Compassion after Sandy: Staten Island L.E.A.D. Honors Local High Schools
Hurricane Sandy left a trail of devastation across the Northeast, and few areas were hit as hard as Staten Island. But even as their borough endured fierce damage, Staten Island residents rolled up their sleeves and took action – and local high schools played a major part in the reconstruction efforts.
In recognition of this fact, St. John’s University honored many of these remarkable Staten Island high schools during the Eighth Annual Leaders in Education Awards Dinner (L.E.A.D.), held at the beautiful Hilton Garden Inn. Owned by alumni Richard Nicotra ’76NDC, ’86HON and his wife, Lois (Malko) Nicotra ’77NDC, ’83GEd, the Hilton served as the perfect backdrop as 23 schools in total were acknowledged for their relief efforts.
Read more about how the 23 honored high schools served their communities in the wake of Hurricane Sandy
“Unlike previous L.E.A.D. dinners, this year’s event honors entire schools – not individuals – for how they assisted the community in the aftermath of Sandy,” said Jerrold Ross, Ph.D., Dean of St. John’s the School of Education. “As you all know, the spirit of St. John’s is to aid those who are most in need, and the schools being honored tonight certainly followed that same mission.”
Indeed, this year’s L.E.A.D. proved to be a true celebration of Staten Island, as heartwarming stories were told of how each of these schools served their local communities on Staten Island. Some were praised for the generous tuition assistance they provided to students burdened by the storm, while other schools were recognized for offering shelter to those who had lost their homes.
“Sandy truly touched everyone on this island,” said Angela Ferrando ’81GEd, Principal of St. Joseph Hill Academy High School. “You can’t single out just one person – we performed these relief efforts as a team – and that’s why tonight’s event is so spectacular.”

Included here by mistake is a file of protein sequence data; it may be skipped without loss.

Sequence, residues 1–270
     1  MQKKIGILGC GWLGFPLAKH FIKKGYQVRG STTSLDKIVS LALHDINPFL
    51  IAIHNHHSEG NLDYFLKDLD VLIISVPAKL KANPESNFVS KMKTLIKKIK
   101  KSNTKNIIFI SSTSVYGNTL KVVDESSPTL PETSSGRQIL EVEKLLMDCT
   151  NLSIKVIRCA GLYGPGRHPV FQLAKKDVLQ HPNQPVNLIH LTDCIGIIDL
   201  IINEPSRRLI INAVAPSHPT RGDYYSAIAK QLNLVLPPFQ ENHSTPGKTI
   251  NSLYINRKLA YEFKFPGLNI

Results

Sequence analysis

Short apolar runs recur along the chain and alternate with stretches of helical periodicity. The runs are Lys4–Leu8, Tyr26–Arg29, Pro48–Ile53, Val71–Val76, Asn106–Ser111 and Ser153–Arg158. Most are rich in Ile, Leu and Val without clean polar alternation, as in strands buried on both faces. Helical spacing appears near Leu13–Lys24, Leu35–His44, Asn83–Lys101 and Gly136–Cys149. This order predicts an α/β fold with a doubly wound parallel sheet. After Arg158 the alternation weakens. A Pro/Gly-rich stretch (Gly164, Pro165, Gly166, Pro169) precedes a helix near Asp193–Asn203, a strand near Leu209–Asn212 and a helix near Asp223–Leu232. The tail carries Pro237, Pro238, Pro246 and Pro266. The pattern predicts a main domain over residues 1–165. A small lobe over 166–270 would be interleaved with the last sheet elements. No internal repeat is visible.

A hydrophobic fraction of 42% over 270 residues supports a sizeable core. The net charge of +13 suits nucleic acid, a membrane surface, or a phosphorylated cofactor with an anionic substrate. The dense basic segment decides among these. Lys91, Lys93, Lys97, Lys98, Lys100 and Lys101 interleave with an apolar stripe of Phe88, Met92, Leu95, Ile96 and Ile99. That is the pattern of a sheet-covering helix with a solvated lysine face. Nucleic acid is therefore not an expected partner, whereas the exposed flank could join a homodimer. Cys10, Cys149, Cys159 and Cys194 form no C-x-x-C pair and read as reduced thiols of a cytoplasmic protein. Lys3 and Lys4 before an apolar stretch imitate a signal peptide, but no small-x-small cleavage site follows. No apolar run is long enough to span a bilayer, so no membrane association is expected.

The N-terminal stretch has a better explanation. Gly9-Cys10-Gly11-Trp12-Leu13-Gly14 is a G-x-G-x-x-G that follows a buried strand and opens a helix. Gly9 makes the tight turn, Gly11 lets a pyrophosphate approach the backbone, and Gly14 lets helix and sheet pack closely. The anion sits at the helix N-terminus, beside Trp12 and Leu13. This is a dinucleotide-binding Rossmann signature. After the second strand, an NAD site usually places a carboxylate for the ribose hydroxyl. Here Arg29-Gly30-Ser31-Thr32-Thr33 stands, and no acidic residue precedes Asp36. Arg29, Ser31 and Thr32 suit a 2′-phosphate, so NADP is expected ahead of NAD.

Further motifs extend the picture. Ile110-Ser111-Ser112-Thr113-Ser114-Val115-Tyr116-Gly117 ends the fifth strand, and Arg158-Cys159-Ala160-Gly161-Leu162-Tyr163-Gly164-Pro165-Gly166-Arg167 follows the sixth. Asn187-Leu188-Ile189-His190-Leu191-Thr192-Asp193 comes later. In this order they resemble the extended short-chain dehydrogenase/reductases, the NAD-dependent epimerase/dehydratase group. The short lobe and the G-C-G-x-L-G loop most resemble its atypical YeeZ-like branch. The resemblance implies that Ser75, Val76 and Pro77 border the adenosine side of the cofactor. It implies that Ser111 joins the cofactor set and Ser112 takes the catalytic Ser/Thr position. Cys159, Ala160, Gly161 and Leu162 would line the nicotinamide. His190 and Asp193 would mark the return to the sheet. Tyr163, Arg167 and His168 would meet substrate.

Ferrando recalled how, in the weeks after Sandy, St. Joseph Hill Academy provided thousands of dollars in immediate tuition assistance to families suffering from storm damage.
“Some families had lost their entire homes,” she explained. “It was truly remarkable how much money we were able to raise from donors, alumni and businesses to help those who truly needed it. It’s just another example of how Staten Islanders were helping their neighbors.”
Meanwhile, Aurelia Curtis ’11GEd, Principal of Curtis High School, remembered how her students, less than 24 hours after the storm hit, worked tirelessly to help victims escape their homes and dispose of destroyed furniture. Everyone, she noted, chipped in to do their part.
“In a case like that, it takes a village,” Curtis said. “And it’s not all about the physical labor. One of our staff members, for example, designed a t-shirt and sold it to raise funds during the aftermath. So, as you can see, there are just so many creative stories like that, of how people on Staten Island showed their true compassion.”
As the awards ceremony came to a close, Kathleen Curatolo, Associate Superintendent for Leadership and Recruitment, Office of the Superintendent of Schools of the Archdiocese of New York, spoke of the importance of honoring educators, especially when those educators make a difference in the community.
“There are a multitude of heartwarming stories,” she noted. “For example: after Sandy struck, the faithful men of Monsignor Farrell High School were one of the first groups to organize relief efforts. Moore Catholic High School, meanwhile, ‘adopted’ a family to make a difference, while Notre Dame Academy contacted real estate agents to help displaced families find apartments.”
She added, “These stories go on and on. And although educators and their schools don’t often receive recognition, it’s truly remarkable that St. John’s is honoring them all on this very special night at this wonderful L.E.A.D. dinner.”